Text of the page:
What has been mentioned so far suffices in demonstrating that the mawlid was observed during the time of the Prophet (s), as per Sunni narrations. With that being said, there remains a question regarding the practice of celebrating the Mawlid on a specific day of the year (currently the twelth or seventeen of Rabi Al-Awwal), and whether this was also sanctioned by the Prophet (s).

Maroin Katz states ‘Even the most avid supporters of the celebration admit that it is an innovation (bid’a) that originated centuries after the life of the Prophet’[11]. This conclusion has been reached by a number of researchers, and it is also correlated with the findings of this article’s author. It should be mentioned here that this is in regards to the celebration of the birth of the Prophet (s) in the month of Rabi Al-Awwal, and not the general act of remembering his birth, which is not an innovation. This conclusion is also only relevant to the phenomenon as it exists among the Sunnis. The legality of celebrating the Prophet’s birthday on a particular day of the year, along with his remembrance throughout the year, is not a matter of contention among the Shia, and there is no serious disagreement about the permissibility of celebrating the event on a specific day.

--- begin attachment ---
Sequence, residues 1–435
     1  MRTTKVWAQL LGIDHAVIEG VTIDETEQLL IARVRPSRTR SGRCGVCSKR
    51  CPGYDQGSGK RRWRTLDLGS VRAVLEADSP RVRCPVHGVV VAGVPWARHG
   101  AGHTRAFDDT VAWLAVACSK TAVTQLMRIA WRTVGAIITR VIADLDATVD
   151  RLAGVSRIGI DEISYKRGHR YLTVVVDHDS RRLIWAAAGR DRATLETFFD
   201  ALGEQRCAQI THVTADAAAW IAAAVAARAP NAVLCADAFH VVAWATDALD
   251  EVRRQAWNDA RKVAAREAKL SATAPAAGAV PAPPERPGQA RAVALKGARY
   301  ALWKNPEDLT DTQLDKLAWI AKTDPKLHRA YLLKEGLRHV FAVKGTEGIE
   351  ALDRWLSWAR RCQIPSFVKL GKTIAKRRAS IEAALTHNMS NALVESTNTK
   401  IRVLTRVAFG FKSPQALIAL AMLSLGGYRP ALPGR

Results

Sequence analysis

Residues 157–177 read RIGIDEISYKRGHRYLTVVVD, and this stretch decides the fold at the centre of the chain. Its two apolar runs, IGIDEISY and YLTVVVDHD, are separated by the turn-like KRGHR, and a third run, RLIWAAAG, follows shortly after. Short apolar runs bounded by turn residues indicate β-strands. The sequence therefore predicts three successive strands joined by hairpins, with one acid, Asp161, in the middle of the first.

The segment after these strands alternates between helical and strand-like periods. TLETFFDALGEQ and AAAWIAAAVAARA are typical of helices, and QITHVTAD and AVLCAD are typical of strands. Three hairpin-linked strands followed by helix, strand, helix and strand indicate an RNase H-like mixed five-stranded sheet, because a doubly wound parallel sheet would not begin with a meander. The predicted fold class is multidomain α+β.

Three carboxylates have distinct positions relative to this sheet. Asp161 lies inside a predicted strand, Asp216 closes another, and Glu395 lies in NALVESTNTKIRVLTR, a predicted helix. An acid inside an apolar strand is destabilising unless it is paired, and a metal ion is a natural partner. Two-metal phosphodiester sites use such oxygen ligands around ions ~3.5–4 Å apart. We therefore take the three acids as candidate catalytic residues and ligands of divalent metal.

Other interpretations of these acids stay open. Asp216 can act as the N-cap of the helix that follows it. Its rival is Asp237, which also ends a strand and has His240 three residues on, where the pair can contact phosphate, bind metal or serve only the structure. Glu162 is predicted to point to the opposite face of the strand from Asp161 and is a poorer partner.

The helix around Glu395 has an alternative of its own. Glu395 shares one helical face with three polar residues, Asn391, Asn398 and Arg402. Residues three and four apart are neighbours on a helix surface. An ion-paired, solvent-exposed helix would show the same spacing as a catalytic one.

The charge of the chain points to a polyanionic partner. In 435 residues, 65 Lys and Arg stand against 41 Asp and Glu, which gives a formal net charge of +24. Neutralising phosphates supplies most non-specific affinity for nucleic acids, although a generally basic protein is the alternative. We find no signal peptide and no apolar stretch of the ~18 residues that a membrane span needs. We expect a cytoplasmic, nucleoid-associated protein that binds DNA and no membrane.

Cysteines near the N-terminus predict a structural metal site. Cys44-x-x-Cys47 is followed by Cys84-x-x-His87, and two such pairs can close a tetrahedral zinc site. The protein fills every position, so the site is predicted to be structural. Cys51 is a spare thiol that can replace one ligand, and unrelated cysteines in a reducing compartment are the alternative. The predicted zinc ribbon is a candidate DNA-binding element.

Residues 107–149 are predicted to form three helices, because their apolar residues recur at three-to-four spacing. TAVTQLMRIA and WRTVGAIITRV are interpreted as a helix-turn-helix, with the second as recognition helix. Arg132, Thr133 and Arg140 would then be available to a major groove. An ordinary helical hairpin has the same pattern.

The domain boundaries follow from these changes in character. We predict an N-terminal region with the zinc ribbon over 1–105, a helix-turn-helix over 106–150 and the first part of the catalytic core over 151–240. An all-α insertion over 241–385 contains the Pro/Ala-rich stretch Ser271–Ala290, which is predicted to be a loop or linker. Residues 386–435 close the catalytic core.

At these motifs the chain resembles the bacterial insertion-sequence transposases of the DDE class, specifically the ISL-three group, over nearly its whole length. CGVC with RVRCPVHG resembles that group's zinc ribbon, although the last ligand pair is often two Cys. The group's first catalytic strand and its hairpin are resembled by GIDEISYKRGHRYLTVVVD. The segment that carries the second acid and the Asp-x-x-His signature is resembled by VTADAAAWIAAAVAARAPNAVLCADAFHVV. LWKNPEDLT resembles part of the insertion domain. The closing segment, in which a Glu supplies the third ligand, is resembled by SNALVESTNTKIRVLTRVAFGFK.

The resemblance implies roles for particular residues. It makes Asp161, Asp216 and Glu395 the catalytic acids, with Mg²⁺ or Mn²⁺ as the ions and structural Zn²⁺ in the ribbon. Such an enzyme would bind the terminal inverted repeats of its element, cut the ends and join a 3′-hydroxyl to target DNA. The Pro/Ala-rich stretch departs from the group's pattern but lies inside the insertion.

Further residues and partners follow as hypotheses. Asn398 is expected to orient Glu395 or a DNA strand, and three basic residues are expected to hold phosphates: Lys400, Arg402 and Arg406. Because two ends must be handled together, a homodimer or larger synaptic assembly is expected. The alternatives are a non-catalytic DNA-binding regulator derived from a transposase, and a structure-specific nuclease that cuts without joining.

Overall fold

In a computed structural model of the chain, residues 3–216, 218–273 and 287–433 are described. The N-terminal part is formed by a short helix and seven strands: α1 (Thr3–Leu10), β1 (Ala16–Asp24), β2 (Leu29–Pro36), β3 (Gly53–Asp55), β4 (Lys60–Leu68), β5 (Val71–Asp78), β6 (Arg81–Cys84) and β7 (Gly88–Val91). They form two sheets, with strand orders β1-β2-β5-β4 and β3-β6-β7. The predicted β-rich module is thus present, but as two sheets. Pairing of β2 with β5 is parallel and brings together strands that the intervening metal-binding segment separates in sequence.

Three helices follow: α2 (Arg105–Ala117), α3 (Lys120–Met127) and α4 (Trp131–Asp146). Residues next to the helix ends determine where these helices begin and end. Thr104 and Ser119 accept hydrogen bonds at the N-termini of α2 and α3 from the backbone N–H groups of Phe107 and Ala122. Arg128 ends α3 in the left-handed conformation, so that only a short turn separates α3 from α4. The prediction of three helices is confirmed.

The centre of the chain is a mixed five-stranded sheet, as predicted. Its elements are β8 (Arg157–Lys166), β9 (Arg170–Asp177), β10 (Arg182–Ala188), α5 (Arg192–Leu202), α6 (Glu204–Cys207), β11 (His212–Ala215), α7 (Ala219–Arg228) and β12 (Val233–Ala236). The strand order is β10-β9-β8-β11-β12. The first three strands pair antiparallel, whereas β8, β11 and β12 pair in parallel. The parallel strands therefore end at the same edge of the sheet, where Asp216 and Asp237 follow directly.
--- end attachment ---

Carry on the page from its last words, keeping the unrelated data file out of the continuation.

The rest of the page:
Al-Suyuti (d.911h) quotes Ibn Hajar Al-Asqalani (d.852H) as saying:

‘The act of celebrating the Mawlid is an innovation, it has not been reported by any of the righteous predecessors from the (first) three centuries.’[12]